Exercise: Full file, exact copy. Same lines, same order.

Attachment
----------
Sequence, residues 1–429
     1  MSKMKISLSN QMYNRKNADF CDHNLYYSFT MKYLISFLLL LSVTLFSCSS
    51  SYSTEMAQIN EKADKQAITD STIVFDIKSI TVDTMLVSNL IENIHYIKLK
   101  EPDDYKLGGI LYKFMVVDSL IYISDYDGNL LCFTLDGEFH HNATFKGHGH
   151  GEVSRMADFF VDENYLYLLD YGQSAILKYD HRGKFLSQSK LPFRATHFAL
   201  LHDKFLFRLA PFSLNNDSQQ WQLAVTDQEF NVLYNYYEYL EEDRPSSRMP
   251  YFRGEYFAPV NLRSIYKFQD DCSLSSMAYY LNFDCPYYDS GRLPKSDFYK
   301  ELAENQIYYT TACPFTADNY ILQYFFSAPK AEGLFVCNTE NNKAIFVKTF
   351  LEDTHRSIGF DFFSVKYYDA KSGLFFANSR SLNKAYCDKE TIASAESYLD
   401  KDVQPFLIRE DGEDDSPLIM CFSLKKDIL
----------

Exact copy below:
Sequence, residues 1–429
     1  MSKMKISLSN QMYNRKNADF CDHNLYYSFT MKYLISFLLL LSVTLFSCSS
    51  SYSTEMAQIN EKADKQAITD STIVFDIKSI TVDTMLVSNL IENIHYIKLK
   101  EPDDYKLGGI LYKFMVVDSL IYISDYDGNL LCFTLDGEFH HNATFKGHGH
   151  GEVSRMADFF VDENYLYLLD YGQSAILKYD HRGKFLSQSK LPFRATHFAL
   201  LHDKFLFRLA PFSLNNDSQQ WQLAVTDQEF NVLYNYYEYL EEDRPSSRMP
   251  YFRGEYFAPV NLRSIYKFQD DCSLSSMAYY LNFDCPYYDS GRLPKSDFYK
   301  ELAENQIYYT TACPFTADNY ILQYFFSAPK AEGLFVCNTE NNKAIFVKTF
   351  LEDTHRSIGF DFFSVKYYDA KSGLFFANSR SLNKAYCDKE TIASAESYLD
   401  KDVQPFLIRE DGEDDSPLIM CFSLKKDIL